Connections to Technology
The pendulum weight is called a bob, and the time
that the pendulum takes to swing back and forth one
time (for example, left to right, and back to the right
again) is called a period. These are terms that children
will quickly acquire if teachers model them while
children explore the pendulum.
A magnet is an object that produces an invisible
magnetic field, a force that pulls other ferromagnetic
materials (chiefly iron) toward it. It is incorrect to tell
children that magnets attract all metallic objects,
because in most cases this is true only for materials
that contain iron. Notice that magnets will not pick up
an aluminum pop-top, a silver necklace, or current
American coins, although these objects are made of
metal. Kindergarten and older preschool children
may be interested in the book What Makes a Magnet?
by Franklyn M. Branley.
Two areas of mathematics are involved in the inves-
tigations in this STEM center: number concepts and
measurement. To integrate number concepts, teach-
ers can help children count the number of periods
before the pendulum comes to rest. Also, if teachers
clap a steady beat along with the children and count
the number of claps per period, children will discover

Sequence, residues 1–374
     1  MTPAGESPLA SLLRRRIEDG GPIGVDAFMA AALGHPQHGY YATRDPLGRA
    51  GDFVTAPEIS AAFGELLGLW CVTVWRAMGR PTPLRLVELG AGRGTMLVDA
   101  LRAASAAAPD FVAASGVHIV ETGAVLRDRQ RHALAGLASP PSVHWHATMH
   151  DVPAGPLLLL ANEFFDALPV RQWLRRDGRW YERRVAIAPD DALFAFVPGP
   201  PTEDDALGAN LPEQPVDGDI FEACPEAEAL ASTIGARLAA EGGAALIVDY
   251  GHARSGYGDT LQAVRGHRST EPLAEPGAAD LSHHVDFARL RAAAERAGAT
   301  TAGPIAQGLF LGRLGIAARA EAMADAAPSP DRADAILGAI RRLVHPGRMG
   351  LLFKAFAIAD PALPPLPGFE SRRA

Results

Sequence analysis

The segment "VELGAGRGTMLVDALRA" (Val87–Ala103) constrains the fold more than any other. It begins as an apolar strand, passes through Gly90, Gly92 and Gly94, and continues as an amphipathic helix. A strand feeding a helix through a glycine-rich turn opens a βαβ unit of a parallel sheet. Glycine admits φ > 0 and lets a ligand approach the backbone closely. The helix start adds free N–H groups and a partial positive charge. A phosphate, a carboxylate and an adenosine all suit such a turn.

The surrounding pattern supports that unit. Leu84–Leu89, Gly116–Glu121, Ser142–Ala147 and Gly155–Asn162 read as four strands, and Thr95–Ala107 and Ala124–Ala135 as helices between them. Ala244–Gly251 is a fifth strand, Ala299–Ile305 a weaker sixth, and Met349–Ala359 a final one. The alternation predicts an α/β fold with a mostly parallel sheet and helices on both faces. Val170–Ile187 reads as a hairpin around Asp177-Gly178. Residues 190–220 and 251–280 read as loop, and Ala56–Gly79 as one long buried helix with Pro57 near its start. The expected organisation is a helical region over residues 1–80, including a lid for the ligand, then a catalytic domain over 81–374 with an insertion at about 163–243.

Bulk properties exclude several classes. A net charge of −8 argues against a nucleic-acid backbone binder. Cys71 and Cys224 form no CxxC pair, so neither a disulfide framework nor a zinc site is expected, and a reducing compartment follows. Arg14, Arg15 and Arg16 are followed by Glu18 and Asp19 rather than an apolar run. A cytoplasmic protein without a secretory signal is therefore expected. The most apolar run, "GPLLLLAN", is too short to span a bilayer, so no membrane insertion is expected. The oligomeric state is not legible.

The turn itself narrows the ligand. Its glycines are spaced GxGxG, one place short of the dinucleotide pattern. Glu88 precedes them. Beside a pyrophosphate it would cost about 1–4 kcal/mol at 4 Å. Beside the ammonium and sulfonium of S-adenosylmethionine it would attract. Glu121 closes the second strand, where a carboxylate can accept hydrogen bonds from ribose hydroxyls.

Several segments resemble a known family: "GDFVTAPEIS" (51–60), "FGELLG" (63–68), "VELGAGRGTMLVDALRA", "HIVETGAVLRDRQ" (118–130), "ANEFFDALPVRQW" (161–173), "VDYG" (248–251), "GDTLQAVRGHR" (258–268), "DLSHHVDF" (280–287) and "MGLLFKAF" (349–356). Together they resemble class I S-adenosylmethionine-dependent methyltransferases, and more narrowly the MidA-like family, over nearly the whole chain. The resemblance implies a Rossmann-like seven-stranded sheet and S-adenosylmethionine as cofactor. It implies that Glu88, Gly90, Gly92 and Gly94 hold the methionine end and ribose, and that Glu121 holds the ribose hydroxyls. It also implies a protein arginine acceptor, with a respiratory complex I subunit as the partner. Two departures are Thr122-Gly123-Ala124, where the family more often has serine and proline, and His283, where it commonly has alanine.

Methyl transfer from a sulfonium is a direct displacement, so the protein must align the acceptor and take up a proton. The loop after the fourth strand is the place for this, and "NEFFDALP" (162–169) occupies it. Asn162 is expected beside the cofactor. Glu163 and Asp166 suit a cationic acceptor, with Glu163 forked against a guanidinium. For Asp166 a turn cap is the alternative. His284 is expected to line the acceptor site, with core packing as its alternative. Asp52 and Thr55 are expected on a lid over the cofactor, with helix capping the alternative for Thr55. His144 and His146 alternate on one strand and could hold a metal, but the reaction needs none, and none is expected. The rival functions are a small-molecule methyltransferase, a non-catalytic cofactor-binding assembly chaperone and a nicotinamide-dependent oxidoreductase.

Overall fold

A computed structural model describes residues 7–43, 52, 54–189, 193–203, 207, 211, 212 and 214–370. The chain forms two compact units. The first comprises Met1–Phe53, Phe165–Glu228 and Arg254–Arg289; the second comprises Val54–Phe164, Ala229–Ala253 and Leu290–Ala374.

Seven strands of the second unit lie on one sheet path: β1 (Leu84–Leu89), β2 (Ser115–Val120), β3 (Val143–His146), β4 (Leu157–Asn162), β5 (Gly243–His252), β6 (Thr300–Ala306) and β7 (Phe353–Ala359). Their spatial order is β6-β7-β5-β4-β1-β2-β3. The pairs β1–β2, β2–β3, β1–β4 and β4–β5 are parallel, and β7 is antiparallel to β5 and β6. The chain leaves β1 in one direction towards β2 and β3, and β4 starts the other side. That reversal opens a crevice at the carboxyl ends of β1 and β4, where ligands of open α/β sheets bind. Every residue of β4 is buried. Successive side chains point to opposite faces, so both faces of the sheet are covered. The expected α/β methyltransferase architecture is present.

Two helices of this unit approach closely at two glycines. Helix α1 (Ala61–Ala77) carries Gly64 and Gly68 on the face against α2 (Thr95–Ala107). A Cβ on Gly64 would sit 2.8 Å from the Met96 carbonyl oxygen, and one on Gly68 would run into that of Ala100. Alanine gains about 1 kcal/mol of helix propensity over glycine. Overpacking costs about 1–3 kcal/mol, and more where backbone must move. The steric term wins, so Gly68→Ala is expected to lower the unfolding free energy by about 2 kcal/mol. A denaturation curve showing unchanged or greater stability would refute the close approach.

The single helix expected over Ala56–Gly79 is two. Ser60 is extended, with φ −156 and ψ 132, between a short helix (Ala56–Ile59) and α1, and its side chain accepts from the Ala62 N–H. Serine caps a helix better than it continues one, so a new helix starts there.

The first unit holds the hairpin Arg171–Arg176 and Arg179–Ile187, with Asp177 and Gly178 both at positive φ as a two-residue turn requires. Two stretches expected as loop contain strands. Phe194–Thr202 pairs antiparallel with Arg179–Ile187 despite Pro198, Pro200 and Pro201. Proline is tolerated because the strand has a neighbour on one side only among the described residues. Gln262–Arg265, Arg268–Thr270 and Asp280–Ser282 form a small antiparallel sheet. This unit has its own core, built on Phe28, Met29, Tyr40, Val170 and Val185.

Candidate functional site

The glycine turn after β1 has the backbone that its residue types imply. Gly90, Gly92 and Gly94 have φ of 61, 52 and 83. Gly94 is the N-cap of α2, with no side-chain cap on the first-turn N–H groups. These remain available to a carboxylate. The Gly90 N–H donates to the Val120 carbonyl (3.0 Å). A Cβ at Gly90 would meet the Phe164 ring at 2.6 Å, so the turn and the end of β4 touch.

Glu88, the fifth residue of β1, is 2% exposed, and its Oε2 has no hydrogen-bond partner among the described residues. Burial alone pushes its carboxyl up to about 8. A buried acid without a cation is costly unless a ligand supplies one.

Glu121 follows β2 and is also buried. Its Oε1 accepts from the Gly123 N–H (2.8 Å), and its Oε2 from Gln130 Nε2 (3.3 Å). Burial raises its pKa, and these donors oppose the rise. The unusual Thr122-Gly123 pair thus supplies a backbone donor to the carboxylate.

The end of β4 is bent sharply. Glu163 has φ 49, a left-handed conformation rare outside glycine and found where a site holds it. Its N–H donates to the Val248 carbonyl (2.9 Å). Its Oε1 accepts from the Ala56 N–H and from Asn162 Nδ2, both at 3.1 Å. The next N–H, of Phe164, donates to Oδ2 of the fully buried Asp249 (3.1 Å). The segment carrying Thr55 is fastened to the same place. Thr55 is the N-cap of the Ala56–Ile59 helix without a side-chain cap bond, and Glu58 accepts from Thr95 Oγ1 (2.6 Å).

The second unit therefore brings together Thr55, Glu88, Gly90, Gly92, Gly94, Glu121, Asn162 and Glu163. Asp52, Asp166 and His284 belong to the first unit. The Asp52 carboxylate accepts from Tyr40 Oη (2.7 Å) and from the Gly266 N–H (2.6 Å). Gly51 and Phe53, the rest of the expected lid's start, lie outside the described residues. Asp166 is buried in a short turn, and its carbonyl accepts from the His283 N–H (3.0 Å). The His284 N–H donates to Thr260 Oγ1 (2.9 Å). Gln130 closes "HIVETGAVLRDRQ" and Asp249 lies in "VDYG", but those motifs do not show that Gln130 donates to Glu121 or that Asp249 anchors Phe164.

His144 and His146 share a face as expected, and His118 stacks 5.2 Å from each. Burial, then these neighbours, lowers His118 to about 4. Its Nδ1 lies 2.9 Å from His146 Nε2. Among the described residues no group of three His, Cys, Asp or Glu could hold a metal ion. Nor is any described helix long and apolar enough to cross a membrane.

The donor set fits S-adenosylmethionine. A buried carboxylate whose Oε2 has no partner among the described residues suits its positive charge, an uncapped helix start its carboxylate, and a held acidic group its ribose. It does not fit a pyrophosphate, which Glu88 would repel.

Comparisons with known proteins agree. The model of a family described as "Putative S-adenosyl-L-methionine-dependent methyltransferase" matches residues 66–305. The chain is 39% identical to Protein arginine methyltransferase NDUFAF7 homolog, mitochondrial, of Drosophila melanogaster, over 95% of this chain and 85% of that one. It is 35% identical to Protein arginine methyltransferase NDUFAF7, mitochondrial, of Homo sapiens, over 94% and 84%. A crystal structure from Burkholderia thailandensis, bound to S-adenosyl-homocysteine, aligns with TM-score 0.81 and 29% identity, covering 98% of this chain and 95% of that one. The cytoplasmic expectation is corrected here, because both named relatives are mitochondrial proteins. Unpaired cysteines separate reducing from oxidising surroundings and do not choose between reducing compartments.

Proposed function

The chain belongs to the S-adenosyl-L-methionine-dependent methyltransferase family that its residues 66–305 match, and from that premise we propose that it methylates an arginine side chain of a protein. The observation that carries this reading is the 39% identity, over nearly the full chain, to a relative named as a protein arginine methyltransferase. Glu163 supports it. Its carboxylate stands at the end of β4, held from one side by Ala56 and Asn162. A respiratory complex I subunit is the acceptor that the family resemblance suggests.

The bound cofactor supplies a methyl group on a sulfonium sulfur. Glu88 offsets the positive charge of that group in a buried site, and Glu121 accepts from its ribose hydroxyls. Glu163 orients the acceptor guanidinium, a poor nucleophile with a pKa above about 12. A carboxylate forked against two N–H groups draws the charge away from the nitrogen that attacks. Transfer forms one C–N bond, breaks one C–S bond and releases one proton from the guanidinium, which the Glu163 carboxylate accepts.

that even though the arc of the pendulum gets smaller
and smaller, the number of claps per period remains
the same. Teachers can also help children measure
the distance between the pendulum bob (magnet)
and the paper clips, as previously described.
During their life experiences, children may have
noticed the wrecking ball on a crane that is used to
knock down buildings. This is an application of the
properties of a pendulum to achieve an engineering-
related purpose. The wrecking ball is the bob of the
pendulum. Children’s books, such as Bam, Bam, Bam
by Eve Merriam and Machines at Work by Byron
Barton, document this process.
Comments and Questions
to Support Inquiry
• Why does the pendulum pick up so many more
paper clips from the middle of the tray?
• Here’s another magnetic wand. See if it will pick
up any paper clips from the edge of the tray. Does
it? Then why doesn’t the magnetic wand on the
pendulum pick up the paper clips on the edge?
• Which paper clips don’t get picked up by the
magnet? • I agree that the magnet doesn’t attract the plastic
paper clips, but this paper clip got picked up, and
it looks like plastic.
• Can you figure out how close the magnet has to be
to this paper clip before it will pick it up?
• Let’s count how many claps it takes for the pendu-
lum to go back and forth each time.
Adults often tell children that magnets are
attracted to objects made of metal. This is inac-
curate. Magnets are mainly attracted to objects
that contain iron.
ST E M lE aR n I ng c E n T E R S